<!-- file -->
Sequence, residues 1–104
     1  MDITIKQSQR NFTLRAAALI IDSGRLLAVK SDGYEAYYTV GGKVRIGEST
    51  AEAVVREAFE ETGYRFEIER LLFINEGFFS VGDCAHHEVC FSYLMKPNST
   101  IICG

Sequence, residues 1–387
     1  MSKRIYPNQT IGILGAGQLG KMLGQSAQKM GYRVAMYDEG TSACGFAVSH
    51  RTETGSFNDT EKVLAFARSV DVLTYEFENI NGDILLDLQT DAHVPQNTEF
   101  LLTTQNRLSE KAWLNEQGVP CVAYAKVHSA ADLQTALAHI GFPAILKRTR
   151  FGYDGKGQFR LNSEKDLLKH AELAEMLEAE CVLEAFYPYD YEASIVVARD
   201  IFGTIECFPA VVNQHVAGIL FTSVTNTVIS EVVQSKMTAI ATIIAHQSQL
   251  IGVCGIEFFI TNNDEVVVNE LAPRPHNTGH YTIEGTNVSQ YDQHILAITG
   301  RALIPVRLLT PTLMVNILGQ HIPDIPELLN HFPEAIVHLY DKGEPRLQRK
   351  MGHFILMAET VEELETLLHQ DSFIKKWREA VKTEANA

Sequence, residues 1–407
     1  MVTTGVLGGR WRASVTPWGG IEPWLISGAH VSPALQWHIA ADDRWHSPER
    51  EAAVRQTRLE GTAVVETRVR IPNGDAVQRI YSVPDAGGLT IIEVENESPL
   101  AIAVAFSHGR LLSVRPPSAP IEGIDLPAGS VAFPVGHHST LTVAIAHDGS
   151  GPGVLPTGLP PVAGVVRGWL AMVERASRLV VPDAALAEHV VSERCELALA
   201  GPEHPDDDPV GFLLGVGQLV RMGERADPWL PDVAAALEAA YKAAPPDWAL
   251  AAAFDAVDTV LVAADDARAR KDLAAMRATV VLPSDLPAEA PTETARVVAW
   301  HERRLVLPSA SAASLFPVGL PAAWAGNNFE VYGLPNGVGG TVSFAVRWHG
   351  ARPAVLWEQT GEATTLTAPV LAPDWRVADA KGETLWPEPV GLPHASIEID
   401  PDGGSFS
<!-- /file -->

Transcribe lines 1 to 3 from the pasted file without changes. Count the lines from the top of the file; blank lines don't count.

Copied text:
Sequence, residues 1–104
     1  MDITIKQSQR NFTLRAAALI IDSGRLLAVK SDGYEAYYTV GGKVRIGEST
    51  AEAVVREAFE ETGYRFEIER LLFINEGFFS VGDCAHHEVC FSYLMKPNST